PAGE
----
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gross

This was taken in a hotel room in the Mountain View area of California. Size wise, it was pretty small, perhaps somewhere around an inch from left to right (not including antennae). My first instinct was cockroach, but, on further inspection, it doesn't look like a German or a field cockroach, as it doesn't seem to have wings. Is anyone familiar with this insect?

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  • $\begingroup$ It looks pretty difficult to identify, it's been crushed beyond recognition. $\endgroup$ – JordanTheCynic Feb 27 '20 at 18:10
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That specimen is pretty squished, but I'm guessing it's a cave cricket or spider cricket (order Orthoptera; family Rhaphidophoridae). They're very common invaders of cool damp places like basements or air conditioning units. Harmless, but can be quite startling, as most species can jump several feet in one leap.

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  • $\begingroup$ This would likely be a nymph, not an adult, right? I don't know too much about these types of things, but it was quite small (0.5-1.0 in). $\endgroup$ – Chris Loonam Feb 28 '20 at 2:59
  • $\begingroup$ Welcome to Biology.SE! You are likely to get a more positive response to your answer if you explain why your identification is correct. Specifically, please edit your answer to add discussion of key features that led you to this conclusion and supporting references or at least validated images. Without this your answer is indistinguishable from opinion. ——— You may also wish to take the tour and then consult the help pages for additional advice on How to Answer effectively on this site. Thank you! 😊 $\endgroup$ – tyersome Feb 28 '20 at 3:50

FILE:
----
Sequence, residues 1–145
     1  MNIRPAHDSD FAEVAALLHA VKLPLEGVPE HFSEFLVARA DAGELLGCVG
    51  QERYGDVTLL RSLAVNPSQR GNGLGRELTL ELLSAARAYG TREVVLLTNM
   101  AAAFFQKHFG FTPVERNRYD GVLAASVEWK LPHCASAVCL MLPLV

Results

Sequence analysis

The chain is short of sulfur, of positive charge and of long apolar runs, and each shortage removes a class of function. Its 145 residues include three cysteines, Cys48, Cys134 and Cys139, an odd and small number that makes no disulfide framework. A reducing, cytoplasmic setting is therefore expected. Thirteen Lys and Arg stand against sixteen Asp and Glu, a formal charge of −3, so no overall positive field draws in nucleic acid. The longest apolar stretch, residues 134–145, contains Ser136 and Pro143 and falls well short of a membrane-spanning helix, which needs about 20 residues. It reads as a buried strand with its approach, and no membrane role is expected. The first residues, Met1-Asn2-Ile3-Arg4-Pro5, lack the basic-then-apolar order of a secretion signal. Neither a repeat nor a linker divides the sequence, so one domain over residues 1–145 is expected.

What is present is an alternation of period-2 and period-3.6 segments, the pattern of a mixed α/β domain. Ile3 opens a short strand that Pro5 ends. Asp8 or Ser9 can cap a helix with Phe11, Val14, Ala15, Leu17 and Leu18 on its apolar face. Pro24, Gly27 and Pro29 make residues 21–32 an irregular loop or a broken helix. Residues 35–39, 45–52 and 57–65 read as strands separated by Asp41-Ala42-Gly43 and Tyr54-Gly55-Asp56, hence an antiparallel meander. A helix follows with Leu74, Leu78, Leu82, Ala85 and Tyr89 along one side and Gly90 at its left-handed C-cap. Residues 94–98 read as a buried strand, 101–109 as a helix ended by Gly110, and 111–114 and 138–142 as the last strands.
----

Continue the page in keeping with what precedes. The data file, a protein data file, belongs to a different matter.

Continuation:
• $\begingroup$ Assuming Alan is right about the ID (which would be problematic in any case, due to Chris' probable reaction to seeing the subject--I'm assuming the OP also did it in) the specimen may well be an adult (ALL Rhaphidophorid crickets are wingless at that stage); with a few notable exceptions (see for example Tropidischia xanthostoma on bugguide) most species of this family need to be identified from intact adult males, and much unpublished work has been done (for a preview, see the article here, the author of which has since died). $\endgroup$ – Arthur J Frost Feb 29 '20 at 19:28

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